All injections (SQL and otherwise) are made easier by the fact that it is trivial to write dynamic queries, and non-trivial to write a parser to prevent them whilst still allowing the benefits of dynamic queries.

Look at the Dejection paper presented at last year's Blackhat. This is ground breaking stuff, but it's basically irrelevant.

We need to remove the intermingled interfaces and prevent any new ones creeping in.

3. A wholistic security architecture.

In particular, have a look at ASP.NET's security architecture. By default, it does basically everything right -

* principle of least privilege - it runs with few privileges

* fine grained evidence based security

* coarse grained authZ is easy to hook into Active Directory

* When a feature extends many others, you need to ask for it by Reference, rather than just using it

* It's moderately OO from the get go; there are essentially no functions except for backward compatibility reasons

Now before you go thinking that I am in love with ASP.NET, there are downsides.

It's difficult to do advanced web services security without WSE

Partial trust has a few design holes - look at Dinis Cruz's excellent research for information about this

It can be tricky for newbie programmers to secure the hidden features, like viewstate, which is a minefield for those unfamiliar with ensuring its security

Lastly, larger apps in J2EE have many excellent frameworks to leverage off:

Spring, Struts, Hibernate, etc

PHP has many half hearted attempts and the performance of these leaves a great deal to be desired, so they are not used. I'm thinking Mojavi, WASP, PRADO, etc.

The reason I mention these frameworks is simple. In my experience, the security issues tend not to come from the Java or interfaces, but from the use of design patterns used blindly to implement simple business processes. This leads to process tampering issues, like being able to enter -1 as a quantity, etc, rather than direct injection attacks. Moving the attack upwards would eliminate script kiddies for some time.

Lastly, none of these really help if the programmer doesn't Think Evil. I've seen many J2EE applications which did far worse things than XSS attacks or SQL injection attacks. Such basic attacks are sooooo 1990's. Now it's about organized crime and motivated attackers earning their keep from fraud and extortion. That's the next horizon in my research - security architectures for everyone.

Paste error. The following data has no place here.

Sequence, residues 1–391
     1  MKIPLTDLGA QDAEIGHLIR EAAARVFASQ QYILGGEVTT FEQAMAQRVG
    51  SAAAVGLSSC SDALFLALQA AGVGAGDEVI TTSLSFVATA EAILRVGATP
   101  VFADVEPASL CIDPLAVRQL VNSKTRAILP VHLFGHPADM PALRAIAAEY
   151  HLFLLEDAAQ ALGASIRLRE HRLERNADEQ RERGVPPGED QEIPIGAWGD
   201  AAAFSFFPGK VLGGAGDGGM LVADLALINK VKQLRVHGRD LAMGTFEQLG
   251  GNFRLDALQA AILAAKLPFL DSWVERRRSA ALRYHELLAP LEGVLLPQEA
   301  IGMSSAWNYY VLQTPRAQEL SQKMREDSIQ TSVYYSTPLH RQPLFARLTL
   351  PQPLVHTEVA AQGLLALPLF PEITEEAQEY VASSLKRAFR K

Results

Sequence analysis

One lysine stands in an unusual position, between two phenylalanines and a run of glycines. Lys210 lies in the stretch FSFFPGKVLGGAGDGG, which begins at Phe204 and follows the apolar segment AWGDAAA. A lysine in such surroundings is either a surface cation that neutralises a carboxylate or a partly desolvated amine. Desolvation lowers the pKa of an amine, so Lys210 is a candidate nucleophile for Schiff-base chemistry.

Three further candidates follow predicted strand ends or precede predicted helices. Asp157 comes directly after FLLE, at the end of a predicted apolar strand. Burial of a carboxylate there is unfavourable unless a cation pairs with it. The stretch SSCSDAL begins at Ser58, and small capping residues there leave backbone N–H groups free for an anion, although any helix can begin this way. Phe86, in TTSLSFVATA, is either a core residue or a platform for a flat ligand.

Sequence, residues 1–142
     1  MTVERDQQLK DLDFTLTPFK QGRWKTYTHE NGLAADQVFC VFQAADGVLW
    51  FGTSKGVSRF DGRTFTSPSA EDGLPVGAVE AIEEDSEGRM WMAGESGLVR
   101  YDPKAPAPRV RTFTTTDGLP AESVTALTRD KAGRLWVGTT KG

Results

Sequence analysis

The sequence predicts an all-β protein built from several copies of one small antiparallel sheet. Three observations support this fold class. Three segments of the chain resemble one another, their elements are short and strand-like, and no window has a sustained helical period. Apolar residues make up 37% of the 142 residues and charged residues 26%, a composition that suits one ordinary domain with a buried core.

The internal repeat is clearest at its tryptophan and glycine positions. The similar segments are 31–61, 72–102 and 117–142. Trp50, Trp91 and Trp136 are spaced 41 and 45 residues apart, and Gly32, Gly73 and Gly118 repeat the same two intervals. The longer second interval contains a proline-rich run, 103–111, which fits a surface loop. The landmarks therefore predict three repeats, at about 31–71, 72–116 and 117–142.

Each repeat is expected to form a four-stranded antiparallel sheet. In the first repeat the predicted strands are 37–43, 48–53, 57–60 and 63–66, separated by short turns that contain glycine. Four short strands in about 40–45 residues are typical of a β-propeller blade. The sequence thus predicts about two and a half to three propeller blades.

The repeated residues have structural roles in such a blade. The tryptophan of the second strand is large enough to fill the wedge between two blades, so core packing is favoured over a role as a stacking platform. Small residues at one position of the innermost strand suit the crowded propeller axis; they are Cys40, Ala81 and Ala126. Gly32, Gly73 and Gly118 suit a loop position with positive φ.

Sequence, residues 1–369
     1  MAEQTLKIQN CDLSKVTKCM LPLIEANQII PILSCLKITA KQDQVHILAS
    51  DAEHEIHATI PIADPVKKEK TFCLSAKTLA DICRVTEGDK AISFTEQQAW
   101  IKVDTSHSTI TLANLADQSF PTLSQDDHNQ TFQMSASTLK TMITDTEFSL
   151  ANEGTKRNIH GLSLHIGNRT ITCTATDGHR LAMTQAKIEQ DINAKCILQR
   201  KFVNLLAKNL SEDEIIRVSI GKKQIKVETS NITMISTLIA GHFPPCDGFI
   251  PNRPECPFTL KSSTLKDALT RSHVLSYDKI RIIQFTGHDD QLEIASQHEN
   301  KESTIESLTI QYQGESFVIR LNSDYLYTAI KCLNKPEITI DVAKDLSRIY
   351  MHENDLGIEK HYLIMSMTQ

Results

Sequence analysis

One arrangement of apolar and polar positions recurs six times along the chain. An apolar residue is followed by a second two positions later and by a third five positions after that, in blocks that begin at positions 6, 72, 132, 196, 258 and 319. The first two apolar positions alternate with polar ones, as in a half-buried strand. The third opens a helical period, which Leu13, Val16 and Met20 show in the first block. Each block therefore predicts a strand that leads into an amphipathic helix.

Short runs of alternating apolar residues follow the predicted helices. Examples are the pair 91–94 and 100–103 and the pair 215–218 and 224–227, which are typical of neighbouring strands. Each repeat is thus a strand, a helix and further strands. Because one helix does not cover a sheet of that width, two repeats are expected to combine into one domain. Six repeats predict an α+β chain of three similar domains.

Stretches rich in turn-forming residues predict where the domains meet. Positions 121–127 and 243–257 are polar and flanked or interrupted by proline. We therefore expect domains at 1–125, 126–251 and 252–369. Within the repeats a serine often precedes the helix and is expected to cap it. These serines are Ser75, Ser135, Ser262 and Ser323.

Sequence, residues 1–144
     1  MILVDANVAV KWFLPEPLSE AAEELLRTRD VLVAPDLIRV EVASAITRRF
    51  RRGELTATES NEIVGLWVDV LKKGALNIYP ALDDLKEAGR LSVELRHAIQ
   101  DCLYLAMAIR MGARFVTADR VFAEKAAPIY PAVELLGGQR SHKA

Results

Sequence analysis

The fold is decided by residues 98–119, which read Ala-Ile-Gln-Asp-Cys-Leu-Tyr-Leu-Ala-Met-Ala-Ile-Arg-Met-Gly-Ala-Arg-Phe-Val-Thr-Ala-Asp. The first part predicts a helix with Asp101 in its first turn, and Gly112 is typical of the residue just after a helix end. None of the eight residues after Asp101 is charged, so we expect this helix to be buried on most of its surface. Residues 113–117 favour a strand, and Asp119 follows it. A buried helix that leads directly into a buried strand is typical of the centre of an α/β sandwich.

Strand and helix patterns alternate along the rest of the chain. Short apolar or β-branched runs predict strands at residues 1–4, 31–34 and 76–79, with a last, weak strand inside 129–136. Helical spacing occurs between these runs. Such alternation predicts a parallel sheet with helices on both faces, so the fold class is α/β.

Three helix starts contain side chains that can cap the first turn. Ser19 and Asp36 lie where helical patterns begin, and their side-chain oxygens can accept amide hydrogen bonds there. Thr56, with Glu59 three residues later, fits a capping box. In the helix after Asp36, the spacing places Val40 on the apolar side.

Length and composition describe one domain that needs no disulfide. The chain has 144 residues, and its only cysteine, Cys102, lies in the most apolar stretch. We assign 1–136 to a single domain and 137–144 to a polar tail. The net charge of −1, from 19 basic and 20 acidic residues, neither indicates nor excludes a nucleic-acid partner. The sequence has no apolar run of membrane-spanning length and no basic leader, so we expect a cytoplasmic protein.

Tue, 24 Jan 2006 at 02:34:25 GMT Link

12.Greg Beaver said:

As a side note, the comment about not being able to install PEAR without root is blatantly incorrect.

Andrew: you can use wget to download http://pear.php.net/go-pear


php go-pear local

This will automatically attempt to install a local copy of PEAR.

If you have PHP 5, then wget http://pear.php.net/go-pear.phar and simply:

php go-pear.phar

And choose local over system. Save your pear.ini as ~user/.pearrc

At this point, if your host has not upgraded PEAR to 1.4.x, you can simply create an alias to ~user/pear/bin/pear

I've been doing this quite successfully for years on several shared hosts. There are also many easy ways to install PEAR remotely, RTFM.



Tue, 24 Jan 2006 at 06:03:38 GMT Link

13.Andrew van der Stock said:


The problem is most shared hosting providers, particularly the free ones, users do not have shell access, and often all forms of system() are blocked, and safe mode is enabled.

Look at the first few lines of the go-pear script. Nearly all of those functions (set_time_limit(0), fopen, etc) are restricted in safe mode.

Therefore, if you are vBulletin or phpBB, you do not rely on PEAR or PECL as most of your users - who often struggle to install the product even with easy to use installers have no hope of satisfying such dependencies.

This is what I was referring to. I use PEAR and PDO on my own scripts for me, but I do not rely upon them being available in my forum software. To do so would be death.



Tue, 24 Jan 2006 at 06:32:28 GMT Link

14.Quinton Parker said:

My 5c... anybody listenin?

The problem with PHP security is "other developers". The irresponsible ones who couldnt care less about doing things right from day one. They should switch to .Net and other languages that cover their asses.

Too many phpers are content to write code that "runs" and does the job albeit poorly.

I've seen enuff spagetti and i'm tired of it... Resource hungry scripts screaming hundreds of errors/warnings. Encapsulation constantly broken by global variables and register_globals appearing out of thin air. Aaarargghg

To me its a no-brainer. I dont worry (too much) about PHP security due to my strict coding style and adopted best practices from the likes of Chris Shiftlett, Harry F, Jason E. Sweat...

The Zend Certified Exam recognises PHP proggies. Great! How about a cert that goes a step further to recognise the responsible ones?

Say a Zend Professional Engineer?


ZPE ;-)

Tue, 24 Jan 2006 at 07:23:43 GMT Link

15.Dagfinn Reiersøl said:

"Struts and .NET both make the easiest to use output method XSS safe by default."

So how about the popular PHP template engines?

I don't know everything about Smarty, but from looking at the docs it seems I may have to do something like this to output the variable $xss_risk safely if I haven't escaped it beforehand: